An Introduction to Responsive Design

In my opinion, the number of tablets, smart phones, laptops, etc that enter the market each week is a bit excessive. Don’t get my wrong, I love all the devices that I use in my daily life, but as a web developer, the more devices available, the more complex my job gets… but I’m up to the challenge!

The Challenge: Ensuring that client website content is easily viewable no matter what device it’s viewed on, while at the same time providing a great user-experience.

Responsive DesignResponsive Design

Back in the early years, this issue was solved by creating a desktop version and a mobile only version of website content. This solution worked for a few years because mobile devices, like the desktops in the early 2000’s, only had a couple of resolution types. Now, with more mobile devices being launched with larger resolution types being required, we needed a better answer.

The Solution: Responsive Web Design (RWD)
Defined as a web design approach aimed at crafting sites to provide an optimal viewing experience—easy reading and navigation with a minimum of resizing, panning, and scrolling—across a wide range of devices.

“Day by day, the number of devices, platforms,
and browsers that need to work with your site grows.
Responsive web design represents a fundamental shift
in how we’ll build websites for the decade to come.” – Jeffrey Veen

Responsive design allows web developers to create a great user experience for all users, no matter what device they’re accessing a website from. The idea behind responsive design is to display/hide different elements on the site depending on the visual space allotted. This means a user could view the site on three different devices and have a different, yet great experience on all three.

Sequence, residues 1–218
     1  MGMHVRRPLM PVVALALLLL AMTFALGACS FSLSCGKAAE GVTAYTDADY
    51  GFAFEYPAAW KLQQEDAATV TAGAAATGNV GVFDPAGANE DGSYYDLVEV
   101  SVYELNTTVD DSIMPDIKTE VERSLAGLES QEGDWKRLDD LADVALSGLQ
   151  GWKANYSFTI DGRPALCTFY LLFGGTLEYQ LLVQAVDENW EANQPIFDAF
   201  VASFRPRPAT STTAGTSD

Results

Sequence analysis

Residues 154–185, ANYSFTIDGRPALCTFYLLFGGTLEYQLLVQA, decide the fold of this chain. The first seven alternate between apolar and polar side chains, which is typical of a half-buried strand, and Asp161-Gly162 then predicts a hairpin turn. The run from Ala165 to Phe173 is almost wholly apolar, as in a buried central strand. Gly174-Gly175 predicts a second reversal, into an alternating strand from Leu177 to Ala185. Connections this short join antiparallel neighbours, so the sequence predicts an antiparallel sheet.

Unfortunately, some web developers have yet to implement this crucial technology, which results in people becoming frustrated with websites they’re trying to view on a mobile device or tablet.

Another Solution!
Responsive design isn’t the only answer. In addition to having a website built with mobile in mind, applications are another way to ensure your content is properly represented in mobile environments. Earlier this year we explored mobile applications and although expensive, could be an option for your business to explore.

Has your business already implemented responsive design or launched a mobile app? Share with me in the comments your experience…

Photo credit: http://blogs.forrester.com

Josh serves as a development team lead at TKG, so it’s his job to ensure web development projects get done on schedule, on budget, and working flawlessly. No pressure! On the blog, he talks general web dev – from HTML5 to responsive design.

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